AppStream Image Assistant dialog box with App Launch Settings.

Step 4. Setting fleets and stacks

Once the AppStream 2.0 image has been completed (the image is no longer in Snapshotting status), you can spin up fleets.

  1. In the AWS Console, go to AppStream 2.0Fleets, and click on Create Fleet.
  2. In the Choose an Image step, specify the AppStream 2.0 Image you just built.
  3. In the Configure Fleet step, set the session duration and the other parameters as you prefer. For cleanness and simplicity, it’s a good idea to set a session duration that enables users to start, work on, and dispose of their ParallelCluster instances. The current maximum session duration is 5760 minutes (four days).
  4. In the Configure Network step, be sure to allow Default Internet Access, otherwise ParallelCluster will not be able to contact CloudFormation.

Once the Fleet is configured and running, create a stack:

  1. In the AWS Console, go to AppStream 2.0 → Stacks, and click on Create Stack.
  2. In the Enable Storage step, you might want to allow user sessions to access an Amazon S3 bucket; this S3 location can provide an easy way to share objects/data between ParallelCluster instances and AppStream 2.0 sessions.
    AppStream automatically creates a bucket for this use, and pre-fills this option with the new bucket name, using this format: appstream2-<unique id>-<AWS region>-<AWS account id>
  3. Once the stack creation process is complete, you can click on its entry and choose Actions Create streaming URL for one or more users.
  4. Users can then connect from their browsers or AppStream 2.0 Client and select the Command Prompt application. From their command prompt they can now run pcluster commands:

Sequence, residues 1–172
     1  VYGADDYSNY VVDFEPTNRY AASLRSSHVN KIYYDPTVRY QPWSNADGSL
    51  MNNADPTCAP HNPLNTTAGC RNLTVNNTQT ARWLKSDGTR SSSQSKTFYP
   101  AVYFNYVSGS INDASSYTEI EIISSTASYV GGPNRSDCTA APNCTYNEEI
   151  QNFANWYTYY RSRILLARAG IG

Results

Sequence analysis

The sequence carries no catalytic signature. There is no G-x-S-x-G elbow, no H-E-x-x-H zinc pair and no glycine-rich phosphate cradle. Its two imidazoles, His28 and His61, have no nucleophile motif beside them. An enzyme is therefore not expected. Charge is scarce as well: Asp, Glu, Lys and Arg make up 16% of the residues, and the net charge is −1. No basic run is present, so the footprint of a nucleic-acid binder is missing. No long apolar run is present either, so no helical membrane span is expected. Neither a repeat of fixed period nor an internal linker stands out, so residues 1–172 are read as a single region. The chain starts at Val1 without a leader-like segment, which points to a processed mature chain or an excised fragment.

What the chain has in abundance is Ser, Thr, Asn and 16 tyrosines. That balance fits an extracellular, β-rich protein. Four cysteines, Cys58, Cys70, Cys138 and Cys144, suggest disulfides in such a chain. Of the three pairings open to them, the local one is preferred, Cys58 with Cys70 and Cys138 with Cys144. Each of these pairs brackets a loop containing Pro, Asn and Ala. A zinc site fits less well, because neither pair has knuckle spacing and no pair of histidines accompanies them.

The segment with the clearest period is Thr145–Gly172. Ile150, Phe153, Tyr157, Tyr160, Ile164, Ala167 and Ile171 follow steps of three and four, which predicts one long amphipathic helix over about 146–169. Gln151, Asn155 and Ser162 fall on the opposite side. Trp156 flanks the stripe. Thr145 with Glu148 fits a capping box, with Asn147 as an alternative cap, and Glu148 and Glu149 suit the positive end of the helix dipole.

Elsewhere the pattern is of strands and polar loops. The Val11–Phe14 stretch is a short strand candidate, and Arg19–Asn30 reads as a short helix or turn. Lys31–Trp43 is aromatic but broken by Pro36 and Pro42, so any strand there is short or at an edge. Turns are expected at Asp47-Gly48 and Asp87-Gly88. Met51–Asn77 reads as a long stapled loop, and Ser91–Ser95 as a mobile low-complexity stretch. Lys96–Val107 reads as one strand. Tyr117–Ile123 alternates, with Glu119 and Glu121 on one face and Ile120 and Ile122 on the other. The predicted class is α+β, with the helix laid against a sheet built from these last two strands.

ParallelCluster command prompt window and Select a Folder dialog.

Step 5. Enable S3 access in ParallelCluster

You can allow ParallelCluster instance nodes to access the same S3 bucket connected to AppStream 2.0 by using the following option in the [cluster] section of ParallelCluster configuration file:

To grant read-only access to an S3 bucket:

s3_read_resource = arn:aws:s3:::appstream2-012345678910-eu-west-1-012345678910*

To grant both read and write access:

s3_read_write_resource = arn:aws:s3:::appstream2-012345678910-eu-west-1-012345678910*

ParallelCluster users will typically connect to the instance nodes via ssh. Once logged in, they will be able to access S3 objects using AWS CLI s3 commands such as:

  • sync
  • cp
  • mv
  • rm

Example:

Accessing S3 Home Folder via an ssh connection to ParallelCluster master node

Please note: Specifying the bucket name followed by an asterisk in the ParallelCluster configuration will allow your AWS CLI s3 commands to list the bucket contents as well, using the subcommand ls.

Final considerations

  • Once a ParallelCluster instance/cluster is created, it is completely released from the AppStream 2.0 session that launched it. So, for example, a user can create a ParallelCluster instance from within a first AppStream 2.0 session, then close it and dispose of the same instance from another session.
  • ParallelCluster is an AWS-supported open source project. If you would like to contribute, send feedback or issues, please refer to ParallelCluster GitHub issues.

Summary

In this post I described how to:

  • Install ParallelCluster inside an AppStream 2.0 image builder.
  • Create the AppStream 2.0 image and run a Fleet using it.
  • Start an AppStream Stack using the newly-created Fleet, associate it to an S3 Home Folder and connect to it.
  • Start a ParallelCluster instance from inside the session and let its nodes access the same S3 Home Folder.

References

Amazon AppStream 2.0

AWS ParallelCluster

Amazon S3

AWS Command Line Interface (CLI)

from AWS Open Source Blog